Cambodia Joins Global Race to Save Tigers

A delegation from Cambodia will travel to Russia this weekend to participate in a global initiative aimed at saving the world’s rapidly diminishing tiger population, officials said yesterday.

Coinciding with the Chinese Year of the Tiger, the meeting represents a concerted international effort by the thirteen countries that have traditionally played host to wild tigers.

A group led by Forestry Association Director-General Chhang Kimsun will attend the International Forum on Tiger Conservation–to be chaired by Russian Prime Minister Vladimir Putin–in St Petersburg from Sunday to Wednesday, Forestry Administration spokesman Thun Sarath said.

China, India, Russia, Thailand, Vietnam and Burma are among the nations that plan to sign a declaration affirming their commitment to double the global tiger population by the time the Year of the Tiger comes around again in 2022, according to the summit’s website. The meeting will allow countries to finalize details of their individual contributions to the effort.

Cambodia will establish a protected tiger habitat of at least 15,000 square meters, according to Kry Masphal, senior officer at the Forestry Administration’s department of wildlife and biodiversity.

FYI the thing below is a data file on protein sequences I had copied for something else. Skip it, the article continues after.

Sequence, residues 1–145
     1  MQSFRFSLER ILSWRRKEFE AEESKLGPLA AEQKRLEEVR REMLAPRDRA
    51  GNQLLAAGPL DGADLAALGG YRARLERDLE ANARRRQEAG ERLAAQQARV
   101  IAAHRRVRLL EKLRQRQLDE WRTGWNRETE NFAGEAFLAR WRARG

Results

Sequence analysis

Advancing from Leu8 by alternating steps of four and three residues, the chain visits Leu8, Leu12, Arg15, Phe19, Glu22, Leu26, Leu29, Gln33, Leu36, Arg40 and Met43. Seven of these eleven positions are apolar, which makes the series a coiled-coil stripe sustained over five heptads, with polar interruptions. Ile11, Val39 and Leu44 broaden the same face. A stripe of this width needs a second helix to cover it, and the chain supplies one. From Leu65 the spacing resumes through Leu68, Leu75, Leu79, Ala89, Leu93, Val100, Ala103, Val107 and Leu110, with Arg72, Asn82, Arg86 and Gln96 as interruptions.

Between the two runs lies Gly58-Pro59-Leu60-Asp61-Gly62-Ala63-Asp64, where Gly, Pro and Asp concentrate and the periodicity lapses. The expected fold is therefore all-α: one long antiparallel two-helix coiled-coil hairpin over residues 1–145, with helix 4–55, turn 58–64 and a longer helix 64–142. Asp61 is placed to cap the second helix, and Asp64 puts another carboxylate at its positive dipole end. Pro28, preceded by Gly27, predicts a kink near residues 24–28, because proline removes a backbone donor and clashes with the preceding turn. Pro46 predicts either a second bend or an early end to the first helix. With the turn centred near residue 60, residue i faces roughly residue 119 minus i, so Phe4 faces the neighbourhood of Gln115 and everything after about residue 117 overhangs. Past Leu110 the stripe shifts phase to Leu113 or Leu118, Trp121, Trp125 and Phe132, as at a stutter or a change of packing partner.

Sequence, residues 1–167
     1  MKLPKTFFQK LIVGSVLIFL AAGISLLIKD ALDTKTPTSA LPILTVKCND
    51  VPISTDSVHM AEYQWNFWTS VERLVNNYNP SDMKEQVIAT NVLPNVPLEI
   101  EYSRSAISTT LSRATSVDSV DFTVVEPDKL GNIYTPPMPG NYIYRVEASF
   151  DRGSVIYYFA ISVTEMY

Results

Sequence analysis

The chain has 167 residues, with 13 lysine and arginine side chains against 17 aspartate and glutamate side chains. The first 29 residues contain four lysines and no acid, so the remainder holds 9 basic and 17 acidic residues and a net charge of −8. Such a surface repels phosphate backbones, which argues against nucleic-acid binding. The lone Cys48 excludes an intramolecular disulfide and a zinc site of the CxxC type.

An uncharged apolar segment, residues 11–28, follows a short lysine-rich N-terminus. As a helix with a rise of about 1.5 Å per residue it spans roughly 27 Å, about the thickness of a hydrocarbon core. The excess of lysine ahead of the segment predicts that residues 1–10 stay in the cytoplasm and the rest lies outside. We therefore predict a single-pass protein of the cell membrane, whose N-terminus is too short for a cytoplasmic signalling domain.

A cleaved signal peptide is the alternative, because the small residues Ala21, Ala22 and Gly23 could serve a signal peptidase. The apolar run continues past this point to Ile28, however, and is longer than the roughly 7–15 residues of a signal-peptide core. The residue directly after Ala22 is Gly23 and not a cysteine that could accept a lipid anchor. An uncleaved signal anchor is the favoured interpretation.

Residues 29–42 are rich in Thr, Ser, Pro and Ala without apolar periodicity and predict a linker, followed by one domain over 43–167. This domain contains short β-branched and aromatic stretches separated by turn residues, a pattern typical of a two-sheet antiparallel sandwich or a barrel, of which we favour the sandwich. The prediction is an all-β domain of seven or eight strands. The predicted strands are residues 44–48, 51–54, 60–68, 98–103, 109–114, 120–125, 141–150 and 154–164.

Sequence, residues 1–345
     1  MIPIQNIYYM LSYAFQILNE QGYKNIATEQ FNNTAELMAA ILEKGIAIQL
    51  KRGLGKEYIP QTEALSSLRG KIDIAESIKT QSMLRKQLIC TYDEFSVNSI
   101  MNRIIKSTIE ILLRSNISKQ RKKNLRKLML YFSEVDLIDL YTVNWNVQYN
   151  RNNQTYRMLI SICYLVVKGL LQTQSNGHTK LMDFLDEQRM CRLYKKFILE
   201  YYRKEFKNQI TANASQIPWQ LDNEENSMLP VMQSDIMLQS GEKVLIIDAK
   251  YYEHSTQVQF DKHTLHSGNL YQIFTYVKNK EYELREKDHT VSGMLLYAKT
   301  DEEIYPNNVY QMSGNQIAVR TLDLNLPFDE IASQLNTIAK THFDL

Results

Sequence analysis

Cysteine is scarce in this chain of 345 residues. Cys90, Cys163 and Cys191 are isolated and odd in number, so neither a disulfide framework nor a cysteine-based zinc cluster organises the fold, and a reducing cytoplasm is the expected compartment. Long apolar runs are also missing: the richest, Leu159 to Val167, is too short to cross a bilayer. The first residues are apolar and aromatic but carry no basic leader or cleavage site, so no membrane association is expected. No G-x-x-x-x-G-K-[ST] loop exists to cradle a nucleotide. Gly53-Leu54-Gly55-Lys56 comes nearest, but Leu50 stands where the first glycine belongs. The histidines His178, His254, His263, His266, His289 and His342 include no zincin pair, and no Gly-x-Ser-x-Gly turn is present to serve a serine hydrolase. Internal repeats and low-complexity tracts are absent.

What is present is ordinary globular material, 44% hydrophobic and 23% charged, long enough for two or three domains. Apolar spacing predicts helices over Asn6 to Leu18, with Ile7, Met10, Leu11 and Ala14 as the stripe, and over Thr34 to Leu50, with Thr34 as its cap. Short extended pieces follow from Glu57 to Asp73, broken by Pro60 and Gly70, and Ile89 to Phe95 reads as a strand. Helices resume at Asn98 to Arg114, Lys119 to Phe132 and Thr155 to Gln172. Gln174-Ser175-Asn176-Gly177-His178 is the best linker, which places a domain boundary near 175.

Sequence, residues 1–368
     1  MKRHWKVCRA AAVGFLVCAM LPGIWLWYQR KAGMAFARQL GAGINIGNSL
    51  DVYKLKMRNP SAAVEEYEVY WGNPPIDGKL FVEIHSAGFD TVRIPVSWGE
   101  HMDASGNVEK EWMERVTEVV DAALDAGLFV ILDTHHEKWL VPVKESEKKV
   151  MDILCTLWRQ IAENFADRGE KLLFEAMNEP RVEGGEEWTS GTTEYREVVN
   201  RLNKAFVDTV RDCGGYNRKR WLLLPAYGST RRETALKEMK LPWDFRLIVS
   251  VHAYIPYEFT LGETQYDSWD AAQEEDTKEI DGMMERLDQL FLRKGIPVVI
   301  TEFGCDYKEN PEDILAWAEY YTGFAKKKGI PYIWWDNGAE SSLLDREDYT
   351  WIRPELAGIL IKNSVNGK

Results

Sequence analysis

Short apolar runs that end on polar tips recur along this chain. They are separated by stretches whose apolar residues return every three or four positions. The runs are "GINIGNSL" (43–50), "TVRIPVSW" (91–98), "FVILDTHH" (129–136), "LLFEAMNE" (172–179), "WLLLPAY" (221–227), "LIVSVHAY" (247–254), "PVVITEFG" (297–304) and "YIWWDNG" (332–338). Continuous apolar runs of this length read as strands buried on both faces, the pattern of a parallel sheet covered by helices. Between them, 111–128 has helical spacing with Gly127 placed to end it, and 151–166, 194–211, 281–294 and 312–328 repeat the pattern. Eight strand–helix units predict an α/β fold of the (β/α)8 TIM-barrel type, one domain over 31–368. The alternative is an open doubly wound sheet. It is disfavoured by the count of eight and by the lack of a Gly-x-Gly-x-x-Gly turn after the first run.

“The goal is to raise the tiger population in Cambodia. But before getting to that point we need to ensure that the habitat is secure,” he said in a recent interview.

The habitat will probably be located in the Eastern Plains region, which currently contains five conservation sites, including the Mondolkiri Protected Forest area, Mr Masphal said.

Fifty rangers will be trained to protect the area, and authorities aim to strengthen cross-border cooperation in an attempt to cut out poaching, he added.

Authorities hope Cambodia’s remaining tigers will be attracted to the area by abundant prey, Mr Masphal said, adding that it might eventually be possible to bring in tigers from countries that do not have suitable habitats.

While estimates of tiger numbers in Cambodia vary, experts agree there is no breeding population, he added.

WWF-Cambodia Country Director Teak Seng warned that Cambodia must guarantee that the area will be protected.

“International demand for tigers and tiger parts will bring additional pressures for law enforcement teams. Thus, a regional approach is needed to close trade routes,” he said.

An estimated $33 million will be spent on the project over 12 years, according to a draft of the plan published in September.


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